know what are the general performance issues (if any) of using MySQL
with Python.

By performance, I wanted to know how will the speed be, what is the
memory overhead involved, etc during database specific operations
(retrieval, update, insert, etc) when MySQL is used with Python.

Any solutions to overcome these issues (again, if any)?


There are no "general performance issues" with respect to "using MySQL with
Python".

The use of Python as a programming front end does not impact the performance
of whatever database server you might select. The choice of MySQL as your
database server does not impact the effectiveness of whatever front end
programming language you select. The 2 functions, database server and
programming language, do not interact in ways that raise unique performance
issues.

You can choose each one without worrying about the other. They two quite
separate design choices.

Thomas Bartkus
Jul 18 '05 #3

P: n/a
There aren't any "issues", but there are a few things to keep in mind.

First of all, prior to 4.1, MySQL does no parameter binding, which
means that the parameters must be inserted into your SQL statements as
literals. MySQLdb will do this for you automatically, but keep in mind
that you will be creating a string that is big as your original SQL
statement plus the size of all the parameters. If you are doing a large
INSERT (via executemany()), this could be pretty big. However, this is
no worse a problem with Python than it is with anything else.

MySQL-4.1 *does* support parameter binding, but MySQLdb does not yet.
The next major release will, but that is months off.

The other factor to account for is your result set. By default, MySQLdb
uses the mysql_store_result() C API function, which fetches the entire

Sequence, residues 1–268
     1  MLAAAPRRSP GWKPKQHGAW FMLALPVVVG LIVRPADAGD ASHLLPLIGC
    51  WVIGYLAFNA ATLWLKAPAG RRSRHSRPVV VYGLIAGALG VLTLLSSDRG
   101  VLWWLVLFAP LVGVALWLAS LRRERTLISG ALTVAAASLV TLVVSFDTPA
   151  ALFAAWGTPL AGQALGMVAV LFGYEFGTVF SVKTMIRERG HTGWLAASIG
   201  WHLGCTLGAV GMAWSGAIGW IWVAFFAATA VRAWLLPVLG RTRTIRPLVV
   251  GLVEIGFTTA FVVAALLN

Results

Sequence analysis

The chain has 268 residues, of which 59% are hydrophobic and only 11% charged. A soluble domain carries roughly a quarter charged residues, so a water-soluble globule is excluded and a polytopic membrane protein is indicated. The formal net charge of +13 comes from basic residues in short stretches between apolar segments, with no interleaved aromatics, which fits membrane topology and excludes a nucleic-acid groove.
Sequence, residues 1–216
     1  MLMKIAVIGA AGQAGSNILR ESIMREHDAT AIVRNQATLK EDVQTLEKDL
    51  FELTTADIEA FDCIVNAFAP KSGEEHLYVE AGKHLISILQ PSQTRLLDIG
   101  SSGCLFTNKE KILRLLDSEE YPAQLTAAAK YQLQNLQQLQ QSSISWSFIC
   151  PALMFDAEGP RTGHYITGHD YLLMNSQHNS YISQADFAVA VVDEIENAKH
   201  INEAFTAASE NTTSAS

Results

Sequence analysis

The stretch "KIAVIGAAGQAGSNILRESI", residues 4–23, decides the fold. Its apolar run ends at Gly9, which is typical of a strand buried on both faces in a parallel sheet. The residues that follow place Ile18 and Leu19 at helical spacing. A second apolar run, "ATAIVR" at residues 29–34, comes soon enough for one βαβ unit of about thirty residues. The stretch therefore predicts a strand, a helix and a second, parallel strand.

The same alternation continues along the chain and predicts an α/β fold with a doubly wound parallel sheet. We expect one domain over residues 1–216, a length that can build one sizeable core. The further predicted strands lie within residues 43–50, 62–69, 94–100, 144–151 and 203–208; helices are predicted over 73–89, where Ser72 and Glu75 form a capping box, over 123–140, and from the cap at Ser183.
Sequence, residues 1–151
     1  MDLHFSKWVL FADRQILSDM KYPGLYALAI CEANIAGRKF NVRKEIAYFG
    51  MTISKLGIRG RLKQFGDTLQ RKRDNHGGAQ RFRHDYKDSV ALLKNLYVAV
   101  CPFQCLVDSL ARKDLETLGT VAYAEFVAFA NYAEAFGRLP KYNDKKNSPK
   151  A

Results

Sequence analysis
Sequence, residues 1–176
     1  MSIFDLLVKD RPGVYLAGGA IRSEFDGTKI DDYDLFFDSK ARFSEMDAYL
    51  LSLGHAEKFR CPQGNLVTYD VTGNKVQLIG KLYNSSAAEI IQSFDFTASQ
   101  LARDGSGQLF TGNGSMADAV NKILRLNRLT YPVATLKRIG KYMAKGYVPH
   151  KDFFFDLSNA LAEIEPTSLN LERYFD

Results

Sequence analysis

result set into the client. The bigger this is, the longer it will take
for your your query to run. You can also use a different cursor type
which uses mysql_use_result(), which fetches the result set row by row.
The drawback to this are that you must fetch the entire result set
before you can issue another query. But again, this is not an issue
with Python.

Make sure you read PEP-249 and then the User's Guide.

Jul 18 '05 #4

P: n/a
There are no performance overhead except when you are dragging a huge
chunk of information out of the database, in that case, python is
converting the data to its tuple data type which adds one more
processing.

I found this when I didn't have the priviledge to do "mysql> SELECT *
FROM TBL INTO OUTFILE;", I used python MySQLdb first, which I later
found sufficiently slower enough than using >>>system("echo 'USE db;
SELECT * FROM TBL;' |mysql >outfile")

But this is the minor case.

Jul 18 '05 #5

P: n/a
Well, it does more than that. It converts each column from a string
(because MySQL returns all columns as strings) into the appropriate
Python type. Then you were converting all the Python types back into
strings. So it's no mystery that using the command line client is
faster, since it would take the string results and write them out
directly. (I assume it does this; there's no rational reason for it to
do otherwise.)

Jul 18 '05 #6